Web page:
Recently, as I've mentioned before, I've been re-reading all the old classic Iron Man stories. Reading these classic stories is a revelation in a lot of ways, especially looking at the early tales and how Stan established the characters.
An example is Iron Man. In his first story, Iron Man is literally making his armor under the gun. There's shrapnel in his heart, he's about to die, and the commies have told him to build him a weapon and they'll save him. Realizing this is bullshit, Iron Man builds his first armor instead which not only keeps him alive but allows him to break out of the communist camp.
That first armor (pictured here) was always something I remembered only being in the origin story. It wasn't decorated because it was makeshift. Iron Man was in his "golden avenger" armor, which is basically the same but colored gold in the next issue right? Not so. He actually appears in the second issue still wearing the gray suit. He changes it for a very specific reason: people are afraid of him.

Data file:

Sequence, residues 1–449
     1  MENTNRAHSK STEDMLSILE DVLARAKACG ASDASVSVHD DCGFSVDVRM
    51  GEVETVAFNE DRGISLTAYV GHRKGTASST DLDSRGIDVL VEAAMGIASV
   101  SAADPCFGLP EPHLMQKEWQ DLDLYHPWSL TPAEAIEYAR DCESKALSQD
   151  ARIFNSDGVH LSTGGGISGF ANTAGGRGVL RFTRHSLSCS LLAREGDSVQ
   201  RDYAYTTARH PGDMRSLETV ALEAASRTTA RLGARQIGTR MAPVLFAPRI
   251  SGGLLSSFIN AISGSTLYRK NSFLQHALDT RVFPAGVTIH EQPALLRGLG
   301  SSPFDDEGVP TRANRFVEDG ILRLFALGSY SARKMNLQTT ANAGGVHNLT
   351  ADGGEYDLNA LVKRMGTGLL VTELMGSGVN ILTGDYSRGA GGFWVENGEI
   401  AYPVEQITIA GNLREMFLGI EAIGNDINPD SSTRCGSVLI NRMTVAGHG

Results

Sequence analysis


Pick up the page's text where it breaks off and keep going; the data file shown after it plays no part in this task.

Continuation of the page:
This is a tiny moment, but it fascinates me for what it reveals about the character of Tony Stark. Let's contrast this with two heroes I think everyone is familiar with: Batman and Superman.
Batman would never have the dilemma Iron Man had. People being afraid of him? Good. That's what he's going for.
Superman, on the other hand, also never had this issue. People seem instinctively to like and trust Superman.
So here we have a hero in Iron Man that wants to be liked and trusted. But he has to work at it. It's not a natural heroism like Superman, it's a carefully crafted public image that he will refine further within a year from just gold to the now classic red and gold.
This fascinates me, especially as we look at the deeper flaws that have been revealed in Iron Man going forward.